• The Very Hungry Caterpillar – Eric Carle

When you’re really little, you need something simple. This book is just that, and for all its randomness I know of very few people for whom this hasn’t been an important childhood book. For posterity alone, we need to keep kids reading books like these, so that our culture keeps these little ribbons of connection running across generations. That and it’s just cool!

  • Mummy Laid An Egg – Babette Cole
Mummy Laid An Egg

Mummy Laid An Egg

I believe wholeheartedly that there is nothing wrong with sex, and there is nothing wrong with kids understanding where babies come from. Maybe if there was less shame and secrecy everyone would be educated and able to make their own decisions as and when they want. I respect Babette Cole totally and utterly, for getting rid of the stupid rumours and letting the kid tell the parents what is what. She is delightfully attitudy!

  • The Bear’s Picnic – The Berensteins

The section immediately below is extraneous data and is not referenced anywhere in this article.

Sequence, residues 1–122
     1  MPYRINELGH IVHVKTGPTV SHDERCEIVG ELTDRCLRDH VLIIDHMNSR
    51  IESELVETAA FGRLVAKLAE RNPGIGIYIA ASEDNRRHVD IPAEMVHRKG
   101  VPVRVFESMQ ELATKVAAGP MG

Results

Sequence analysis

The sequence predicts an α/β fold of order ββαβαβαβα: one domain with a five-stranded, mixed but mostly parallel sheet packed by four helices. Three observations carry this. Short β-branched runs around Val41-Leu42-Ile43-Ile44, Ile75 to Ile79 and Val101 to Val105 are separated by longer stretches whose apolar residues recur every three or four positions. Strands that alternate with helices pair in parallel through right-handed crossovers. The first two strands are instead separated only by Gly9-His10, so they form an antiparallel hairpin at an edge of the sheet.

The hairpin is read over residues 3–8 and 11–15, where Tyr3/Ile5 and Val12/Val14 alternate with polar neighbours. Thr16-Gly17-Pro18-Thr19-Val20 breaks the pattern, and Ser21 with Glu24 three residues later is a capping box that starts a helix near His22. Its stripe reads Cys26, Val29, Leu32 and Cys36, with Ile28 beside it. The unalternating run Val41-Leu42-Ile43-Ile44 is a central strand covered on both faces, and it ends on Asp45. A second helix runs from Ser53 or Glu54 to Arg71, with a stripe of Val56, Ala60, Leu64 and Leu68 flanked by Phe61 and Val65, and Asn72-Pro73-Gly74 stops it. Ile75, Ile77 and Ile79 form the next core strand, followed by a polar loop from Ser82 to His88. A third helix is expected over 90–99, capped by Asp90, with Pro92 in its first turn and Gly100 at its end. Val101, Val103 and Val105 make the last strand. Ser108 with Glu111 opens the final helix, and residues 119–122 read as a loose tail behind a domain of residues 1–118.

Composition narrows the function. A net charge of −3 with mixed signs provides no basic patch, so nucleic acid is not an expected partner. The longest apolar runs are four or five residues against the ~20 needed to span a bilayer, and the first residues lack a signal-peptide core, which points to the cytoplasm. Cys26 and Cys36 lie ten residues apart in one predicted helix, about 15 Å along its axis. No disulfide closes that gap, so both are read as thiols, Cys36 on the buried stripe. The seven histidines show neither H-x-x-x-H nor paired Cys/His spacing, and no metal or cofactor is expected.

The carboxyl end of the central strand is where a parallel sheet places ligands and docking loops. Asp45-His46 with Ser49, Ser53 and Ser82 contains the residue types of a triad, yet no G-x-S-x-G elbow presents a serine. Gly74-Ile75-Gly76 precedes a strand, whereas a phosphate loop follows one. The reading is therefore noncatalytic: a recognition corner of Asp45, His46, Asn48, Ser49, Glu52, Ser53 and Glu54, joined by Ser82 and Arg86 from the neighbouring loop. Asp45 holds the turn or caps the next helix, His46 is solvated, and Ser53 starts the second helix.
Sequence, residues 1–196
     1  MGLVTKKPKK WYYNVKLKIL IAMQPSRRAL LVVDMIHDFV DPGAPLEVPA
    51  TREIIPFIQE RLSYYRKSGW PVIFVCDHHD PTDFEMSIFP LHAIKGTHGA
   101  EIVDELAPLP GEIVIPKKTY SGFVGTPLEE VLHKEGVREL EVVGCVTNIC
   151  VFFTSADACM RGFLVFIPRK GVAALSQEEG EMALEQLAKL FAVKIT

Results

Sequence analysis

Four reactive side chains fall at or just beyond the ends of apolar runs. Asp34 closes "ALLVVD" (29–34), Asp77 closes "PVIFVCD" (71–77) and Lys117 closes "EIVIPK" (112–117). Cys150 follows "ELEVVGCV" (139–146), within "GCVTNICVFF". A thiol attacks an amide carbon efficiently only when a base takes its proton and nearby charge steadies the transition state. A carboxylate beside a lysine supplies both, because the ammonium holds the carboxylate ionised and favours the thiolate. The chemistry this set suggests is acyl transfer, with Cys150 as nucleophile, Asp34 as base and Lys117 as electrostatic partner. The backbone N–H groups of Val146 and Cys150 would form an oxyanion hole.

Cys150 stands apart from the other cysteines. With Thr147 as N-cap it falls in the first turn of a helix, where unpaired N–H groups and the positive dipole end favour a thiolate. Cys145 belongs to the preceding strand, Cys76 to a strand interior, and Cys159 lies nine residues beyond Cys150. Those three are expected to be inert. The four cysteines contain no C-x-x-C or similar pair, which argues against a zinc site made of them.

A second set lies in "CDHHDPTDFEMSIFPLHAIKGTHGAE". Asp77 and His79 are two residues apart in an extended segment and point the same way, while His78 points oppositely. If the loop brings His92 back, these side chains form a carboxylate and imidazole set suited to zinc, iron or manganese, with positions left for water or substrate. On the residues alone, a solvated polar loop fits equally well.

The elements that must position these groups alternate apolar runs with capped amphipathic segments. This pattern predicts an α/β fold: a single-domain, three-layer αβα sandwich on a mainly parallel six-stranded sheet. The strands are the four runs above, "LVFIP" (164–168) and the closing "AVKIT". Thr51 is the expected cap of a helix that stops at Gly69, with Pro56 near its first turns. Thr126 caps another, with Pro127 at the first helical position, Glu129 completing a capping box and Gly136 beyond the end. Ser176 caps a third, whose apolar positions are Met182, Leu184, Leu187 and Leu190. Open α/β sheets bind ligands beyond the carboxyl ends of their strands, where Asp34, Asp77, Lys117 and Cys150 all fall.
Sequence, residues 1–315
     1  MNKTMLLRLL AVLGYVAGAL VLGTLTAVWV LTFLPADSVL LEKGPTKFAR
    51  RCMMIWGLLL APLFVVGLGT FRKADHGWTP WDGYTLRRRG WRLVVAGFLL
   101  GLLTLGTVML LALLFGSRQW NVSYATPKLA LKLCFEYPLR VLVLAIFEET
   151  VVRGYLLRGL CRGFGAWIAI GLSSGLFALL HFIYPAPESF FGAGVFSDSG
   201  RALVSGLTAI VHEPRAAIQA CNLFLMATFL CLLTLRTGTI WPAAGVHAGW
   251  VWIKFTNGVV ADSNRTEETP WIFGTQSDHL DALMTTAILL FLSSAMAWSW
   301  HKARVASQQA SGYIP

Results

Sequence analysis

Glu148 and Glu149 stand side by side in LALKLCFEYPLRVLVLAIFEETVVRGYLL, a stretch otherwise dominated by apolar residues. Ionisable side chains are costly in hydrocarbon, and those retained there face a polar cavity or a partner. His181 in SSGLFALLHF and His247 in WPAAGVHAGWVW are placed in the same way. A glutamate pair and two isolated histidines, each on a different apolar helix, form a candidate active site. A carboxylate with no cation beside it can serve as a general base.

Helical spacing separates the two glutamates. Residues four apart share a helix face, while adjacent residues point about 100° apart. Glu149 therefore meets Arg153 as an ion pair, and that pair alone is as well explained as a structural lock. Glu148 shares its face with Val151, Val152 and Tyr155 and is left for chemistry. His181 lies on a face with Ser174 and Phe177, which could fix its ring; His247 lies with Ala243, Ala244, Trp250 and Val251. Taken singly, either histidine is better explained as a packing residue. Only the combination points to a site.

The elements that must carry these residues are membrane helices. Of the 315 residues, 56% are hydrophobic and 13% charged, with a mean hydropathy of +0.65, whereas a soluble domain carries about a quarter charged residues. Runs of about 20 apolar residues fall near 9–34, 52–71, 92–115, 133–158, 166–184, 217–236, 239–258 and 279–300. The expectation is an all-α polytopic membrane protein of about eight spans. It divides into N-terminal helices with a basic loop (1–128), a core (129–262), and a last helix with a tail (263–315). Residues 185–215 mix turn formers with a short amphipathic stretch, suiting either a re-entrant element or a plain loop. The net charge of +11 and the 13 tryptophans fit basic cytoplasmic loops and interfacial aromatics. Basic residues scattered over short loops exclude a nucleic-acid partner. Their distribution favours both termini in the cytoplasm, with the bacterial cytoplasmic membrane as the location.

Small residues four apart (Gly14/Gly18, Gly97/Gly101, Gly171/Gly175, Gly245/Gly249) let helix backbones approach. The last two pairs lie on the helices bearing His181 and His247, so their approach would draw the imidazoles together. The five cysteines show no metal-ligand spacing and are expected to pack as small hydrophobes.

Yet more American books picked up on my travels, but this one has a definitely British vibe. The Berensteins do plenty of great books (the Spooky Old Tree is one that stands out), but the Bears Picnic is the best one. It reminds me of traipsing around the British countryside looking for a perfect picnic spot – sheltered from the weather, with a good view, and comfortable ground… as you can imagine, something of a fantasy!

  • Where The Forest Meets The Sea – Jeannie Baker
Where The Forest Meets The Sea

Where The Forest Meets The Sea

This is one of the calmest books I have ever read. There aren’t any words, just collages images of this most beautiful of locations. We watch as this idyllic space where the forest meets the sea is gradually invaded by double exposures of fairgrounds, and people, and destruction - and the fading memory of where nature once was. A warning against damaging the environment, even thinking about this book makes a place of calm in the whirliness of my mind.

  • Winnie The Witch – Valerie Thomas

There aren’t really any deep moral lessons in this one – unless you count tidying your house! It’s just great fun, and silly, and really enjoyable to read as a family!

  • The Borrowers – Mary Norton